He has to go
In this part of the world, admitting failure and phrases like 'begging for forgiveness' are not even in the dictionary.
We are not Japanese, and even in Japan, failed leaders don't do hara-kiri like they used to. At most, they ask their people for forgiveness and step down. In this part of the world, admitting failure and phrases like "begging for forgiveness" are not even in the dictionary.
President Truman had a sign on his desk that said "the buck stops here." In our neck of the woods, it doesn't stop there. It's passed on, to someone higher up or lower down on the ladder, usually by committees of inquiry - our warped version of Japanese hara-kiri. Why warped? Because responsibility is tossed from one person to the next until it finally stops somewhere. Not necessarily in the lap of the person who is really responsible.
The Kahan Commission, which probed the Sabra and Chatila massacre in Lebanon, decided that Ariel Sharon should be removed from his post as defense minister. The prime minister, Menachem Begin, got off scot-free, although without his okay and his signature there wouldn't have been a war in Lebanon.
It didn't take long before Sharon became a key figure in Israeli politics and the Likud. Round-the-clock protesters holding signs that said "murderer" stood outside Begin's house until they turned him into an emotional wreck and caused his pathetic resignation. Sharon never took responsibility for the massacre, on the grounds that "Arabs killed Arabs."
The Agranat Commission, which investigated the Yom Kippur War, fingered the chief of staff and the head of military intelligence. It never said a word about the failure of the political echelon. The testimony heard by the commission was locked away in a drawer for decades, so that no one knew how the lawyers managed to get the prime minister and defense minister off the hook. Golda Meir and Moshe Dayan were reelected to the Knesset, but they were forced to step down a few months later under pressure from an outraged public.
Ehud Olmert's hope and prayer was that the Winograd Committee would save his skin, but a hitch came along in the form of MK Zahava Gal-On. With the help of a High Court ruling, she forced the committee to publish the testimonies of Olmert, Shimon Peres and Amir Peretz prior to the publication of its interim report. So far, the statements of Peres, the deputy prime minister, and Major General Amos Malka, former chief of military intelligence, have been released. Olmert's testimony, it seems, is being saved until the eve of Passover.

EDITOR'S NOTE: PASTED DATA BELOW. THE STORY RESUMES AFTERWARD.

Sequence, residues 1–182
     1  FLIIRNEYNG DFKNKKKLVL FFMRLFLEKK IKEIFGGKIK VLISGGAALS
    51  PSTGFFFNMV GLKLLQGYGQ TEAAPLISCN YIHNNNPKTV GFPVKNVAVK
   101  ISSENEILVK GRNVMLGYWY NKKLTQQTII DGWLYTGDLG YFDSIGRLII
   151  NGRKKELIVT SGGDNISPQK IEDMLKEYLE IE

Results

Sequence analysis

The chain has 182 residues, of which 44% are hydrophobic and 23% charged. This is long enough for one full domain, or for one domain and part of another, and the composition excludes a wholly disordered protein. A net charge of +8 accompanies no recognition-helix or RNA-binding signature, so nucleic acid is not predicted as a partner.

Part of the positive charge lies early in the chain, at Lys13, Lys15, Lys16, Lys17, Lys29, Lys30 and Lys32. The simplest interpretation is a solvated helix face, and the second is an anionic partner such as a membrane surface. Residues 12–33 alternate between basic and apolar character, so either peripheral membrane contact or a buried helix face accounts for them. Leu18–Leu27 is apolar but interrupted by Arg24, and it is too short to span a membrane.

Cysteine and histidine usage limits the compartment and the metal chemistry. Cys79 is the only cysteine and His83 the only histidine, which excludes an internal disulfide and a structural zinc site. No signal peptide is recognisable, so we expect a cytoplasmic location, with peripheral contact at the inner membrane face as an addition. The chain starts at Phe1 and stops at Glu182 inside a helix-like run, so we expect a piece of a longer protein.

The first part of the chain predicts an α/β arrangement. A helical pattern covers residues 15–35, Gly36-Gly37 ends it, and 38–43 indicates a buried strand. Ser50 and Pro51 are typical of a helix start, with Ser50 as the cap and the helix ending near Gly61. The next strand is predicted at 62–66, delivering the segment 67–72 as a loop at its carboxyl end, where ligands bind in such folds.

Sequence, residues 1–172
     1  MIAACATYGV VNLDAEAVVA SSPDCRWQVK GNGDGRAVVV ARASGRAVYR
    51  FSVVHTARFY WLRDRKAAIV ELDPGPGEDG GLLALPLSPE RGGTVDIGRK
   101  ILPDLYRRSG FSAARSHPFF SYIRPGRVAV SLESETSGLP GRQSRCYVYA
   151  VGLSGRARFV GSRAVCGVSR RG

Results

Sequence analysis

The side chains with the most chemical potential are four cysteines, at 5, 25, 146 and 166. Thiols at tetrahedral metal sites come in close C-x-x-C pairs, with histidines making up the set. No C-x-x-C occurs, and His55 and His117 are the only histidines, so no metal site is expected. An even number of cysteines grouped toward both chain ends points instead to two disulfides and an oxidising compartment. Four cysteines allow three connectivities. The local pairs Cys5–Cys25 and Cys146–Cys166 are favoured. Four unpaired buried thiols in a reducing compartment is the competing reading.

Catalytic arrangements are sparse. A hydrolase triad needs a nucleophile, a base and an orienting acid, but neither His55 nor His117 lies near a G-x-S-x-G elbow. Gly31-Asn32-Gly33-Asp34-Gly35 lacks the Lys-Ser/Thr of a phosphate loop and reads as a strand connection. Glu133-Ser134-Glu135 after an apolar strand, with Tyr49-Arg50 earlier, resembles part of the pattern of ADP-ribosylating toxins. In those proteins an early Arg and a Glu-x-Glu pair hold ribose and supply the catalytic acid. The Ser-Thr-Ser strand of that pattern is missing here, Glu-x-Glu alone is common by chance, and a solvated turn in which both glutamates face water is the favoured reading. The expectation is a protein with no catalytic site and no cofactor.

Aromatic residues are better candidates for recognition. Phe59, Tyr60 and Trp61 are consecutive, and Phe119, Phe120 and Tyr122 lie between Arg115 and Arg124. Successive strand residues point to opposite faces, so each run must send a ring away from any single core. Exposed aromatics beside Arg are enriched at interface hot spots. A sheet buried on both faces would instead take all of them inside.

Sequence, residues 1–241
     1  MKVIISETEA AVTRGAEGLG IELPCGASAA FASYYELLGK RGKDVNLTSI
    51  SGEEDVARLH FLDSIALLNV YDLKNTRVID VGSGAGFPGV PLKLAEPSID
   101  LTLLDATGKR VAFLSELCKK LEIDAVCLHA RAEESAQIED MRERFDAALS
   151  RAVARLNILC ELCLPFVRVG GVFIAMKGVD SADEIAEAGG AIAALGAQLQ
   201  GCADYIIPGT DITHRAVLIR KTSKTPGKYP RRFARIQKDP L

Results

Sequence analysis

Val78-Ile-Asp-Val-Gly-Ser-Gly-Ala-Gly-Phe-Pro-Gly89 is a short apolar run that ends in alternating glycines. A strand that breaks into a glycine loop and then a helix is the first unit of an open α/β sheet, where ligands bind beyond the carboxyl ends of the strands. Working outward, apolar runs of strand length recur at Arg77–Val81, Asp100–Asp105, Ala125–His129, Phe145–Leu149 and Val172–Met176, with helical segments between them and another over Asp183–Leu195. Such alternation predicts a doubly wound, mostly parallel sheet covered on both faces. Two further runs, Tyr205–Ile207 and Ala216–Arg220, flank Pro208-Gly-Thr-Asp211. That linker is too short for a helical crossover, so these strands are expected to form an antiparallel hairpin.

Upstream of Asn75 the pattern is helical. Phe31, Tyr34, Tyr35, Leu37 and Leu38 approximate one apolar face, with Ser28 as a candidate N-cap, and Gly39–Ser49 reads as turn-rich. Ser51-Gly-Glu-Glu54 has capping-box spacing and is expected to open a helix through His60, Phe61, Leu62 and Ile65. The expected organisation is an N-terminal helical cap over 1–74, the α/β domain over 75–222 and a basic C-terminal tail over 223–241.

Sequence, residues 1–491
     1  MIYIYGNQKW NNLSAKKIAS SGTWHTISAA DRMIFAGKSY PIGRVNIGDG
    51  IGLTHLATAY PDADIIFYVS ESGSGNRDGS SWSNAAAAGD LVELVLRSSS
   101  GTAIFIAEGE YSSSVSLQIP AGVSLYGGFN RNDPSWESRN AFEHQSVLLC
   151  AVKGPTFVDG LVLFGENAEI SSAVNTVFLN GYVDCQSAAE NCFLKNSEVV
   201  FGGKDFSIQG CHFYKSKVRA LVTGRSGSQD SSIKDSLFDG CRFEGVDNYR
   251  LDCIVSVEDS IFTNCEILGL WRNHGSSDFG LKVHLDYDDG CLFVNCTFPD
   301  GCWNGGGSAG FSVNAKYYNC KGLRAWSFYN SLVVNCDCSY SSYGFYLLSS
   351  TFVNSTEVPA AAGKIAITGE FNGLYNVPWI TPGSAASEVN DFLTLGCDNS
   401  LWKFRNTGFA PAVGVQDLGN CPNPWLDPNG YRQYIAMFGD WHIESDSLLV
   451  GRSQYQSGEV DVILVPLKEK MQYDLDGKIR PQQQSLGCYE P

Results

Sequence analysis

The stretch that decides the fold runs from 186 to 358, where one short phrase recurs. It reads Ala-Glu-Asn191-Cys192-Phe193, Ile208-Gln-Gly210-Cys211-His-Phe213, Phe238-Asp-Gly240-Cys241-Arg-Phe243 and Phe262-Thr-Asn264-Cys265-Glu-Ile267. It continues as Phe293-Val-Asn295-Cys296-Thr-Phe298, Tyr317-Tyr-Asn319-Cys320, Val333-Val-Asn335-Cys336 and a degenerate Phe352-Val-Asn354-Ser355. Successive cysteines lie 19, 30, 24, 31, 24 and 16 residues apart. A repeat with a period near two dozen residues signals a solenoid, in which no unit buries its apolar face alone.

But Olmert (or his cronies) has decided to present a tendentious version of his own by leaking selected bits from his testimony to Haaretz and Maariv. He is not guilty of hasty action, he claims, because the army had already drawn up plans for a major reprisal attack four months earlier, and Israel's "bank of objectives" was defined way back in the days of Ariel Sharon.
One objective in this "bank" had to do with the location of long-range missiles, whose destruction on the first night of the operation exposed what we didn't want Hezbollah to know. Now Iran will presumably equip Hezbollah with even longer range missiles, and we'll have to start the search for them all over again.
It will take a few weeks after the publication of the testimonies and the interim report for the public to figure out where the buck stopped. Meanwhile, there are leaks, and some of the material will be released over the next few days. Major General Malka said in his censored testimony that a short, punitive strike would have been preferable. If the real goal was to wipe out Hezbollah, we would have had to penetrate deep inside Lebanon, and that would have taken months.
Olmert was asked why he decided to give the defense portfolio to Amir Peretz, a party hack totally clueless on military matters. His mind-boggling reply: Labor received the defense portfolio in the wake of a coalition promise, and Labor gave it to Peretz. That may be true, but only to a degree. Olmert was saving finance for his buddy Abraham Hirchson. One wonders whether Olmert, in looking back, has any thoughts on what caused more damage.
The biggest bomb was delivered by Peres, who criticized the way the war was run and how it was approved. If it were up to me, he said, I wouldn't have gone into such a war. The army wasn't ready for battle; the outcome harmed Israel's image; and we lost our power of deterrence in the eyes of the Arabs. So why did he support it? To snag the presidency?
No matter how Olmert comes out of the Winograd probe, he is already a lame duck. He has lost the last vestiges of trust and respect that came with being Sharon's successor, and above all, he has lost the authority and ability to cope with the complex and urgent challenges that lie ahead.
Forget the convergence plan he was so proud of. Forget peace initiatives. Olmert has failed as a leader. He has to go.